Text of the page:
So per their concensus, they (jQuery team) chose to focus on these four aspecs–concise! And by focusing on these only, they can make their codes run blazingly fast! See the point now?

…all these are for rapid web development

Given an HTML element, and considering that element might contain subelement(s), how do you get only the textual data of that element? Easy peasy… use innerText of course. WRONG! In case you don’t know, innerText only works on IE!!!.

That’s one example of how cross-browser incompatibility destroy our coding happiness, and sometimes take our sense of pride and accomplishment with it. We need to spend more time researching how this works on other browsers, as well as more time implementing the solution that will work on all browsers we support. Well sure some of you might know how to do innerText on FF and Chrome, but wouldn’t it be nice if all browsers work the same way?

jQuery to the rescue! To get the text, just use text property. That’s it, and it will run on all IE, FF, Chrome, etc. Don’t believe me? Try this code (or run it here):

	<script type="text/javascript" src=""></script>
	<script type="text/javascript">
		window.onload = function() {
			document.getElementById("dst_no_jquery").innerText = document.getElementById("source").innerText;
		$(document).ready(function() {
	<div id="source">This is <b>the <i>content</i></b> of a div.</div>
	<p>The content of the div above will be copied down here...
		<div>...without using jquery: <u id="dst_no_jquery">???</u></div>
		<div>...using jquery: <u id="dst_with_jquery">???</u></div>

Not only that this code rules on all browsers, notice that it is also shorter to write, which leads to–you’ve guessed it right–rapid development! Ta daaaa!

There are other reasons why jQuery leads to faster development, for example:

  • ability to chain operations, which leads to a leaner code,
  • availability of numerous plugins you can use that suits your need,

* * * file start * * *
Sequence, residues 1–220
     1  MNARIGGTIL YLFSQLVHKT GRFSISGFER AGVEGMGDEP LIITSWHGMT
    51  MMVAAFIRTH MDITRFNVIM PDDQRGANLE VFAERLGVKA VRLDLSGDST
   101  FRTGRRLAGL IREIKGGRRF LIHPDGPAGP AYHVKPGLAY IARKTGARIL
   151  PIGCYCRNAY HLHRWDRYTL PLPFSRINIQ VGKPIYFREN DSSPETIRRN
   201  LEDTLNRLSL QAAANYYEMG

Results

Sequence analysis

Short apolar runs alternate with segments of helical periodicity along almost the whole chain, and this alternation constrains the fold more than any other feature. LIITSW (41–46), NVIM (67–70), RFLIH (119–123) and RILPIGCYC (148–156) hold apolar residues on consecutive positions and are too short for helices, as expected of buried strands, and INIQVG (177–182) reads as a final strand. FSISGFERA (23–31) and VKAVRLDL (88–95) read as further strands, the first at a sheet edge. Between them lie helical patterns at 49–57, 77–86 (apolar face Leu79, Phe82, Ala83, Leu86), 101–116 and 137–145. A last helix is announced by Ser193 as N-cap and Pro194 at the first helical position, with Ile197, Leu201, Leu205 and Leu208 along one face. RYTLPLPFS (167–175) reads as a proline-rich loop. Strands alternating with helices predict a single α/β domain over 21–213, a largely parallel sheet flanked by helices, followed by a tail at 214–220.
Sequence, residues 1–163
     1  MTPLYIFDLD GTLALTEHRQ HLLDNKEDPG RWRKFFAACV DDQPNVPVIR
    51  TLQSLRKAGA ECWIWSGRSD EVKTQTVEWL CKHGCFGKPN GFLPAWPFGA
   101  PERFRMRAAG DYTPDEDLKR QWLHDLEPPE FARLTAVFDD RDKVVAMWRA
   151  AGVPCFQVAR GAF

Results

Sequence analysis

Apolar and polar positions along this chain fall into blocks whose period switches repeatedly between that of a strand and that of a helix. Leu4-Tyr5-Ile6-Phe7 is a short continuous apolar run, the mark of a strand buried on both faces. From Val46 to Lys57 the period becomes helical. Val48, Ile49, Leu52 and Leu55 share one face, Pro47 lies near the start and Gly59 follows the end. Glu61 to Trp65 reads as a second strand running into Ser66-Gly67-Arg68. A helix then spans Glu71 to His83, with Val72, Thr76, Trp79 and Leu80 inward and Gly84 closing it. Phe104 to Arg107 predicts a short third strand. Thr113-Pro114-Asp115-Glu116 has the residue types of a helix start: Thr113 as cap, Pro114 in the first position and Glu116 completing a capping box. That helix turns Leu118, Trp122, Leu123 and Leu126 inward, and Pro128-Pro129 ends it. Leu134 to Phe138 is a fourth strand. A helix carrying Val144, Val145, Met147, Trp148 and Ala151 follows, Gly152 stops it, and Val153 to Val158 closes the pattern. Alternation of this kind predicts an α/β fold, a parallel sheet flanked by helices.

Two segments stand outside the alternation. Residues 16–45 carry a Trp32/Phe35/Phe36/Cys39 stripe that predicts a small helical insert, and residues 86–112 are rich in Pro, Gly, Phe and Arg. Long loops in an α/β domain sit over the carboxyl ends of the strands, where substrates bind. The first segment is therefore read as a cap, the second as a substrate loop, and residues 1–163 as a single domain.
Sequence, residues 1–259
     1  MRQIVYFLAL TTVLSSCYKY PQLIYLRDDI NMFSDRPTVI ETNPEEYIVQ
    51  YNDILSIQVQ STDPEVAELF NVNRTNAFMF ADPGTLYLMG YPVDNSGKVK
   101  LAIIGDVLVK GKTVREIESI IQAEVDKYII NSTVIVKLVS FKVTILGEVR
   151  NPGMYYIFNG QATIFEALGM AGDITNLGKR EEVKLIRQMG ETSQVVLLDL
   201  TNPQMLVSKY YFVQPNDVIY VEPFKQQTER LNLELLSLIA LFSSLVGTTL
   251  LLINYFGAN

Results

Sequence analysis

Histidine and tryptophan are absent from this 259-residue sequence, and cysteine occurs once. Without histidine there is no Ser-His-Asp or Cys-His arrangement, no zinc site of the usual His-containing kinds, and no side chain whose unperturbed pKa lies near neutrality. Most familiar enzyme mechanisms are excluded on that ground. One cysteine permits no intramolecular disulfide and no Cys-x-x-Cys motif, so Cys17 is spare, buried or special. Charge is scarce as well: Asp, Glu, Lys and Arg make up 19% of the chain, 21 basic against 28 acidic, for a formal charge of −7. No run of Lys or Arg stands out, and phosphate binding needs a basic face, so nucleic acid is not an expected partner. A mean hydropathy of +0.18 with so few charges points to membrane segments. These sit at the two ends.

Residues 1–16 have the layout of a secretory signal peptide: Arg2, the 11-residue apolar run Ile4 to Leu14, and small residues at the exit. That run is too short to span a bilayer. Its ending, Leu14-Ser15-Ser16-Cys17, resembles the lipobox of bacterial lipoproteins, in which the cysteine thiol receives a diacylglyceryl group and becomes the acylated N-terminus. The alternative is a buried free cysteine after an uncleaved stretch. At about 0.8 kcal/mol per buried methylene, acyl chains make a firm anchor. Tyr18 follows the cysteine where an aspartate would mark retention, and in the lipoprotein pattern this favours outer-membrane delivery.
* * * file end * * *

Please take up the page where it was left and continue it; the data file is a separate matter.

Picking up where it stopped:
• ease of DOM manipulation (including element selection and traversing them) makes the development more intuitive,
  • straightforward event handling and trigger,
  • simpler implementaton of animation and/or effects,
  • and so on.

For all these things, you can check jQuery site’s tutorials (you can find other tutorials too on Google). I will list out my use cases on where jQuery helps my development, but meanwhile, you can go ahead and familiarize yourself with the power of jQuery!

Why not the other Javascript libraries/frameworks?

When I started using jQuery, what I needed was something easy to use, fast to learn, and–of course–fast. Based on my research, I set my eyes to four candidates: MooTools, Dojo, Prototype, and jQuery. Below were my findings:

  • I used slickspeed to test the candidates’ speed, and found that Prototype is the slowest; I crossed that out.
  • Also from slickspeed, I noticed that in some test cases Dojo produced errors/exceptions. Not wanting any side effects affecting my developments, I decided to rule it out as well.
  • MooTools were slightly slower than jQuery, so I decided to learn both. However, in my subjective opinion, I felt jQuery was easier to learn, thus I was able to deploy my sites quicker.
  • WINNER: jQuery

I understand that some of you might disagree, and I believe my conclusion here doesn’t really provide a thorough, scientific, and object evaluations. But I suggest you to try it, and I’m sure you’ll like it!

Questions? Problems? Leave a comment and I’ll try my best to help.